Business Process Improvement Through E-Collaboration: Knowledge Sharing Through the Use of Virtual Groups: Knowledge Sharing Through the Use of Virtual Groups

Első borító
Kock, Ned
Idea Group Inc (IGI), 2005. ápr. 30. - 283 oldal

Business Process Improvement Through E-Collaboration: Knowledge Sharing Through the Use of Virtual Groups is written around two main theses. The first is that business process improvement, a key element of the most influential management movements since the 1980s, can itself be considerably improved by the use of information technology. The second is that process improvement affects organizational knowledge sharing in a non-linear way, and that the use of e-collaboration technologies can boost this influence by increasing the breadth and speed of knowledge dissemination in organizations.

Business Process Improvement Through E-Collaboration: Knowledge Sharing Through the Use of Virtual Groups discusses key findings in connection with effects of e-collaboration technologies on business process improvement groups, making this book an important tool for academia and businesses everywhere.

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Chapter I Introduction
Chapter II Some History
Chapter III What is a Business Process?
Chapter IV Data Information and Knowledge
Chapter V Business Process Improvement and Knowledge Sharing
Chapter VI The Effects of ECollaboration Technologies on Groups
Chapter VII The ECollaboration Paradox
Chapter VIII Successful Business Process Improvement through ECollaboration
Chapter X Using MetaProi to Improve Business Processes
Chapter XI A Close Look at Twelve Business Process Improvement Groups
Statistics for Those Who Hate Statistics
About the Author

Chapter IX Some Realistic Recommendations for Organizations

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77. oldal - The peculiar character of the problem of a rational economic order is determined precisely by the fact that the knowledge of the circumstances of which we must make use never exists in concentrated or integrated form, but solely as the dispersed bits of incomplete and frequently contradictory knowledge which all the separate individuals possess. The economic problem of society is thus not merely a problem of how to allocate "given...
62. oldal - ... produce future" — to extract anticipations in order to stay one step ahead of disaster [original emphasis]. Knowledge drives the flow of myriad decisions that have to be made even in the simplest organizational processes. Steel plants, for example, rely on...
32. oldal - Possession" in § 10 it is pointed out that even the concept of possession has different meanings depending on the context in which it is used.
53. oldal - For like them, the typical business will be knowledge-based, an organization composed largely of specialists who direct and discipline their own performance through organized feedback from colleagues, customers, and headquarters.
53. oldal - ... it was, lay with the very top people. The rest were helpers or hands, who mostly did the same work and did as they were told. In the information-based organization, the knowledge will be primarily at the bottom, in the minds of the specialists who do different work and direct themselves. So today's typical organization in which knowledge tends to be concentrated in service staffs, perched rather insecurely between top management and the operating people, will likely be labeled a phase, an attempt...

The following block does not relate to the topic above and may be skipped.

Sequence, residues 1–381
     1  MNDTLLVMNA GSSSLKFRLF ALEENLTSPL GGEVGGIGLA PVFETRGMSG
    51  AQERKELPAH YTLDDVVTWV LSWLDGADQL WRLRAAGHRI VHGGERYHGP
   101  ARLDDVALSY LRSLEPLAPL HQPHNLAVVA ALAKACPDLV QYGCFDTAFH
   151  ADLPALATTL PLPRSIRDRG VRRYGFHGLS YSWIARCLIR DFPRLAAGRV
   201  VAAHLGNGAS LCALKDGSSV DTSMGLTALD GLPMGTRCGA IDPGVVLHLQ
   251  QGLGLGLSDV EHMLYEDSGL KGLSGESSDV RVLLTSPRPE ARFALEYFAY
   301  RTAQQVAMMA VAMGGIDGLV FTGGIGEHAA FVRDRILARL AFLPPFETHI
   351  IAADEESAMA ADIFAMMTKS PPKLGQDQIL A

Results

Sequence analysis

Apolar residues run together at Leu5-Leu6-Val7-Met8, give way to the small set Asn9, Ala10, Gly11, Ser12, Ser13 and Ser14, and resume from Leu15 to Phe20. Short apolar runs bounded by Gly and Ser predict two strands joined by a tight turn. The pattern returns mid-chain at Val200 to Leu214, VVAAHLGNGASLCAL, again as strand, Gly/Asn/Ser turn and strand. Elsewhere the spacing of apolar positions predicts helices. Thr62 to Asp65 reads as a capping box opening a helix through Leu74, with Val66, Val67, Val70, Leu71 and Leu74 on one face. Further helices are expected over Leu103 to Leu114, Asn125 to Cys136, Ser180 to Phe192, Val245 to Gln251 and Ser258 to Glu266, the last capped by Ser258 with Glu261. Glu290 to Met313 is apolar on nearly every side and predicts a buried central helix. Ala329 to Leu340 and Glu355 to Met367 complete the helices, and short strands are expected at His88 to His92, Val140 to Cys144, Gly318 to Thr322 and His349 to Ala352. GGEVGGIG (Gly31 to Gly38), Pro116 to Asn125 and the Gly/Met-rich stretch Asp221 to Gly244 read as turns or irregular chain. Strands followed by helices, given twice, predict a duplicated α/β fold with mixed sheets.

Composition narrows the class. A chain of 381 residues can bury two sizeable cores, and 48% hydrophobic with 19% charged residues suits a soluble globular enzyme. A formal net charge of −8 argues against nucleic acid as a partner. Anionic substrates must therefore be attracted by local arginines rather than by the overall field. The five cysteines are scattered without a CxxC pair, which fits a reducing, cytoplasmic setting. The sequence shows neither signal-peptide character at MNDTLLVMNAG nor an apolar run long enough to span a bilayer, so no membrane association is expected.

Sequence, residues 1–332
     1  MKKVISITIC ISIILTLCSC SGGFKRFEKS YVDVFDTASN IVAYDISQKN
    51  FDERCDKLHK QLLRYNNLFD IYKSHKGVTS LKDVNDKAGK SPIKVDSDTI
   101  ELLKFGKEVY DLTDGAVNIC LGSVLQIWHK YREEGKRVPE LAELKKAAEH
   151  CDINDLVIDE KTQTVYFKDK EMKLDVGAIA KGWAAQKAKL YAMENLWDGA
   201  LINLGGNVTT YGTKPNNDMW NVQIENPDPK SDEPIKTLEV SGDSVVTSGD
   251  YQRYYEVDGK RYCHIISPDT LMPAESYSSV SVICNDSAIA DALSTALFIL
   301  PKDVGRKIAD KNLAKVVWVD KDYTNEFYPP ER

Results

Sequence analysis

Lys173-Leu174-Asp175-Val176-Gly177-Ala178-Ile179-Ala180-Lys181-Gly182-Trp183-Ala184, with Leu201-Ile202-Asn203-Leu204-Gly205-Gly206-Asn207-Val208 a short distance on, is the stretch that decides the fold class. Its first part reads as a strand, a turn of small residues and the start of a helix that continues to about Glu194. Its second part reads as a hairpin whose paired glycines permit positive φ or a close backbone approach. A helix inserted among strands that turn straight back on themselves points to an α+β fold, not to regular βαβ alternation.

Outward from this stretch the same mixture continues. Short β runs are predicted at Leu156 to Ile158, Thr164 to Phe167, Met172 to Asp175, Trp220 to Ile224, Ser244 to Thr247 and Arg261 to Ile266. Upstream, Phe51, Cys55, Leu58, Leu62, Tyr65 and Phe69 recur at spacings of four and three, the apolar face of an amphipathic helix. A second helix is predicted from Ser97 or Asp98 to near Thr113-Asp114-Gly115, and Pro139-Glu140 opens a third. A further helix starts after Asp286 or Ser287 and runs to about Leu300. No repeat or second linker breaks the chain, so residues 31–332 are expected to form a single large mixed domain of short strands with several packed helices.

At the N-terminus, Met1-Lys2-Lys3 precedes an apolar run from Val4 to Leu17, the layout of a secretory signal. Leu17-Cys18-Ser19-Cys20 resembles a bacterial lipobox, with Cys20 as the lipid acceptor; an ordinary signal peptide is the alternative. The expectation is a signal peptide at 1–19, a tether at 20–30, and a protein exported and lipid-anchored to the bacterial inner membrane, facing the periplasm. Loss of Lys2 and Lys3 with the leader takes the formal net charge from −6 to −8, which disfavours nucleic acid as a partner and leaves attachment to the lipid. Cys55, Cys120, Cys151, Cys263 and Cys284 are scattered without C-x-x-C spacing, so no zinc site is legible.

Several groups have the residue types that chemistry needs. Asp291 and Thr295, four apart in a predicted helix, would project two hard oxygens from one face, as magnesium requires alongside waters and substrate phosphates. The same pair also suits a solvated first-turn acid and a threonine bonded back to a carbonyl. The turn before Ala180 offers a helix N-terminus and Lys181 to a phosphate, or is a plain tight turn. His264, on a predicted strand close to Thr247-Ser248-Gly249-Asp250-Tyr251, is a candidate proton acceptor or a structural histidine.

258. oldal - Burke, K., & Chidambaram, L. (1999). How much bandwidth is enough? A longitudinal examination of media characteristics and group outcomes.
107. oldal - She wasn't just babbling off the top of her head, she tended to think out what she was writing. I know I did it a lot, specially my first message. I really thought a lot to put it together. The majority of those who perceived a decrease in process redesign quality believed that it had been caused by inherent characteristics of computer-mediated communication. In these members' judgment, interacting through the computer system increased the ambiguity in the PI group discussion.
38. oldal - ... hand. Immediacy was the mode in which things were known; it provided a feeling of certainty, of knowing "what's going on." One worker in Piney Wood described how it felt to be removed from the physical presence of the process equipment and asked to perform his tasks from a computerized control room: It is very different now. ... It is hard to get used to not being out there with the process. I miss it a lot. I miss being able to see it. You can see when the pulp runs over a vat. You know what's...

A szerzőről (2005)

Ned Kock is a professor of Information Systems and the Director of the Collaborative for International Technology Studies, in the Sanchez School of Business, at Texas A&M International University. He holds degrees in electronics engineering (B.E.E.), computer science (M.S.), and management information systems (Ph.D.). Ned has authored and edited several books, including the bestselling Systems Analysis and Design Fundamentals: A Business Process Redesign Approach. Ned has published his research in a number of high-impact journals including Communications of the ACM, Decision Support Systems, European Journal of Information Systems, IEEE Transactions (various), Information & Management, Information Systems Journal, Journal of the AIS, MIS Quarterly, and Organization Science. He is the Founding Editor-in-Chief of the International Journal of e-Collaboration, Associate Editor of the Journal of Systems and Information Technology, and Associate Editor for Information Systems of the journal IEEE Transactions on Professional Communication. His research interests include e-collaboration, human evolution, action research, ethical and legal issues in technology research and management, and business process improvement. [Editor]

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